Oswiecim is the Polish town tragically placed on the map because of the largest concentration camp of World War II, where around 1.5million people lost their lives. Globally, Oswiecim is
known by the German name: Auschwitz, now one with the concentration camp itself. The mass exterminations that happened here make Auschwitz the most potent symbol of the Holocaust.
Around 60km from Krakow, Auschwitz is often visited as a day trip taking approximately 1-1.5 hours from Krakow. Few people stop off in the town itself. However, it is near impossible to truly take in the scale of Auschwitz in one day, so it is worth extending your visit if you can. Making for harrowing discovery and sombre moments, this element of Poland should not be overlooked.
Auschwitz Jewish Centre – Whilst the horrors of Auschwitz itself can leave the visitor stuck in the past, a visit to the Auschwitz Jewish Centre focuses more on the future and survival of Jewish culture in Poland. There is an educational centre and museum, and the synagogue is the only Jewish temple to have survived the war.
Oswiecim Old Town: Easily explored on foot, the Old Town is worth a visit with several old churches as well as the ruined castle.
The main reason that people pilgrimage to this area is of course to visit Auschwitz. This is an enormous site, essentially broken down in to two distinct areas (Auschwitz I and Auschwitz II – Birkenau) with a Main Building as well.
The site is itself free to enter, and fees are charged for guides and tours. You can self-explore but you will need to plan what you wish to see. The Main Building shows a film, originating back to immediately post-war but it should be noted that it is too graphic for children. Be prepared for a sombre and harrowing experience as you contemplate the atrocities of Auschwitz, and respect that this is an internationally memorial to those who lost their lives during the Holocaust.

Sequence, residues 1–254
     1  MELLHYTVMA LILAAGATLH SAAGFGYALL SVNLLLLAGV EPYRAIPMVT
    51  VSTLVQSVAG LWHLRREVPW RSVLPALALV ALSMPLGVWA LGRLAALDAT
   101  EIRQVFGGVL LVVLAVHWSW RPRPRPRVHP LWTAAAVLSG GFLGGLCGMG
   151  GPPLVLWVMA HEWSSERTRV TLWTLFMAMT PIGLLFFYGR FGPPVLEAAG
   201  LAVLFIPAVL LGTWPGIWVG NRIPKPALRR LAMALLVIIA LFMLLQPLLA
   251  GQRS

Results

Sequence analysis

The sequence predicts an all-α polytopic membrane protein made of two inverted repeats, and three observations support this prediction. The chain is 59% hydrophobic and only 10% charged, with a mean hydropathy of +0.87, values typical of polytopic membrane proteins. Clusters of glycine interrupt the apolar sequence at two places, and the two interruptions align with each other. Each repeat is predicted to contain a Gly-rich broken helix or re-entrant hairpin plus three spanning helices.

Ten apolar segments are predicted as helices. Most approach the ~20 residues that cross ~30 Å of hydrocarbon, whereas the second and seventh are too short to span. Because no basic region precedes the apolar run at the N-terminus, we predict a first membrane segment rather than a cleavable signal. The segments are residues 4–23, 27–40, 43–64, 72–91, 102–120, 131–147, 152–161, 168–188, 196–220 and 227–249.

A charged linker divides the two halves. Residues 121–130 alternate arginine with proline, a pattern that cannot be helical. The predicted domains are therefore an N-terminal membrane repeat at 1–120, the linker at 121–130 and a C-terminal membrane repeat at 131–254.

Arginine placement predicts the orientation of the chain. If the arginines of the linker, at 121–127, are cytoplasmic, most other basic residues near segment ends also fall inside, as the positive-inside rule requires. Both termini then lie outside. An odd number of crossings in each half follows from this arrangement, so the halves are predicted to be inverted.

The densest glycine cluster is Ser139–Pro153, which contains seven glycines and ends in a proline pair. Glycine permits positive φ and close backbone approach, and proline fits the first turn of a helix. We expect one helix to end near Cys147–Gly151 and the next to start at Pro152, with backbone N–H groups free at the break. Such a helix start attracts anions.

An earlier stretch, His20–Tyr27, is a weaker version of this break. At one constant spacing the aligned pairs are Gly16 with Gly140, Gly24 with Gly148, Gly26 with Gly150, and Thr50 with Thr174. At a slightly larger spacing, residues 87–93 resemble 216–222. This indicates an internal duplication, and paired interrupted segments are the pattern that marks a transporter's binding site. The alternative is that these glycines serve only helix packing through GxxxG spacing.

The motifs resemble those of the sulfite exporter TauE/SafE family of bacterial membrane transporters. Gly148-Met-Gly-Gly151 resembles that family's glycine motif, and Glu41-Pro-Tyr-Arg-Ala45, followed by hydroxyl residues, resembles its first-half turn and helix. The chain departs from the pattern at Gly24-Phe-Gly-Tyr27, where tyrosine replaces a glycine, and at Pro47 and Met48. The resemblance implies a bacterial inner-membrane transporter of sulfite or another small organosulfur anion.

Auschwitz I: This site is where the Nazis opened their original concentration camp and where they began to carry out mass extermination experiments, most notably with the gas Zyklon B. The focus here was on experiments for putting people to death as well as being the site of many mass shootings. Auschwitz I also was the site of the SS administration areas and camp headquarters.
Auschwitz II – Birkenau: At the second of the two Auschwitz sites, the Nazis kept and operated most of the machinery involved with the mass exterminations. It was also the site of the largest of the concentration camps. Within the grounds of Auschwitz II Birkenau you will see the gas chambers and the cremation sites.
At Auschwitz you can not only explore and wander within the former concentration camp itself, but also take the time to look at various exhibitions.
Permanent Exhibition: The original permanent exhibition of Auschwitz was opened in 1955 and documents the time that Auschwitz was in operation through photo displays, models, and various exhibits including prisoner clothing, effects and bunks.
National Exhibitions: Part of the collective remembering of the significance of Auschwitz across many European nations are the National Exhibitions, dedicated to, and run by, the individual countries whose populations were affected by Auschwitz. In these exhibitions visitors can see the history of Auschwitz with particular relevance to each country and the fate of their citizens. You can also come to understand the story of the resistance. The countries depicted in these exhibitions include: Czechoslovakia, Hungary, Soviet Union, East Germany, Yugoslavia, Belgium, Denmark, Bulgaria, Austria, France, Netherlands, Italy and Poland itself.